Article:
Defining the purpose of marriage

Nicki and I are almost done compiling our evidence of “marital bona fides.” Since our marriage is bona fide, the question has been what evidence would be good. But a part of me (probably an academic in me that gets me into trouble) finds it interesting that the request of evidence letter seems to equate miss the reality of marriage by setting only two categories: bona fide and an attempt to go around the immigration law.

People marry for various reasons. Many marry for love. But many also marry for other reasons or for more than one reason. After all, marriage as an institution offers a socially agreed-upon set of benefits. “Rather than waiting for another two years, let’s get married this year so you will be covered under my insurance” is not a rare conversation topic. “I love you but we’ve been dating for 7 years. Marry me now or we will break up,” has a factor of pragmatism in addition to just love. Some old couples marry because they want each other’s presence, not necessarily the kind of “love” 20-year-olds are feeling.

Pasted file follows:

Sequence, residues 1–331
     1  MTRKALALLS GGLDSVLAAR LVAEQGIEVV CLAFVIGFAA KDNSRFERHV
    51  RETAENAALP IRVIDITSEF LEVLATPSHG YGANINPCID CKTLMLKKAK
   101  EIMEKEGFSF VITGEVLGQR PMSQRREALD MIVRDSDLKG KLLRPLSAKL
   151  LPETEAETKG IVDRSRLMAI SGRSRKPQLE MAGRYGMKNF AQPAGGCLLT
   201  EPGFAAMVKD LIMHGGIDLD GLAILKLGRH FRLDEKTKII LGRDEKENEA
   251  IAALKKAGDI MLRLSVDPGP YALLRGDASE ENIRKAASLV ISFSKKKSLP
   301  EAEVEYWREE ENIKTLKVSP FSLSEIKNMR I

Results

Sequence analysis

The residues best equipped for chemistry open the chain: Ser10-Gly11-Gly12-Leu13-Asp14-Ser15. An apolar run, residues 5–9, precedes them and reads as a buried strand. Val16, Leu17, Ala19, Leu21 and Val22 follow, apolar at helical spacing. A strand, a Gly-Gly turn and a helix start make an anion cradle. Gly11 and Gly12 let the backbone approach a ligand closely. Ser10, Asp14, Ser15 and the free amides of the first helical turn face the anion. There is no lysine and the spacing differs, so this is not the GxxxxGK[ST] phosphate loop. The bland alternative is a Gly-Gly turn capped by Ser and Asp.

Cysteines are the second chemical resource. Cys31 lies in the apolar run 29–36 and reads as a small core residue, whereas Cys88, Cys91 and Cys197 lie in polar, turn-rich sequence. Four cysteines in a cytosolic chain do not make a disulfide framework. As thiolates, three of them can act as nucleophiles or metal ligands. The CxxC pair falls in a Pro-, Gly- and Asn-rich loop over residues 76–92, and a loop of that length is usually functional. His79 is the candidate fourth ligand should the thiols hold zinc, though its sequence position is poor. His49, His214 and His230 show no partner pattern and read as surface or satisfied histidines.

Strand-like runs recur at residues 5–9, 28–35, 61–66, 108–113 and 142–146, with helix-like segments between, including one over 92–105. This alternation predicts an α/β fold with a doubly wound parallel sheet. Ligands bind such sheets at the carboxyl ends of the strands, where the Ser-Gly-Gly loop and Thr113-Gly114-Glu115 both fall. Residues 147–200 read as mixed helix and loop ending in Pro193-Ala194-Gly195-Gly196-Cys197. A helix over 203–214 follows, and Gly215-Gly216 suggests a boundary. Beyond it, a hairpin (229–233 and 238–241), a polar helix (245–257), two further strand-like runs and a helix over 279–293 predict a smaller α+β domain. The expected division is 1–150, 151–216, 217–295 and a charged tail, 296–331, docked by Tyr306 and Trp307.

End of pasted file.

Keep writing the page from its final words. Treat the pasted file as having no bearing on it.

Many people no longer believe in marriage as an institution. They are happy living together. But if one person is a foreigner, even though the couple does not believe in marriage, they may get married. They’re living together and being happy because of love, but they’re marrying because of the immigration law.

I’m really happy being married and I’m happy when I get to call Nicki my wife, but the way the immigration office looks at marriage seems a bit too simplistic or unrealistic. “Just prove to us that you love your spouse” is what they’re basically saying, but their letter (or the way it is written) implicates the office’s prejudice.

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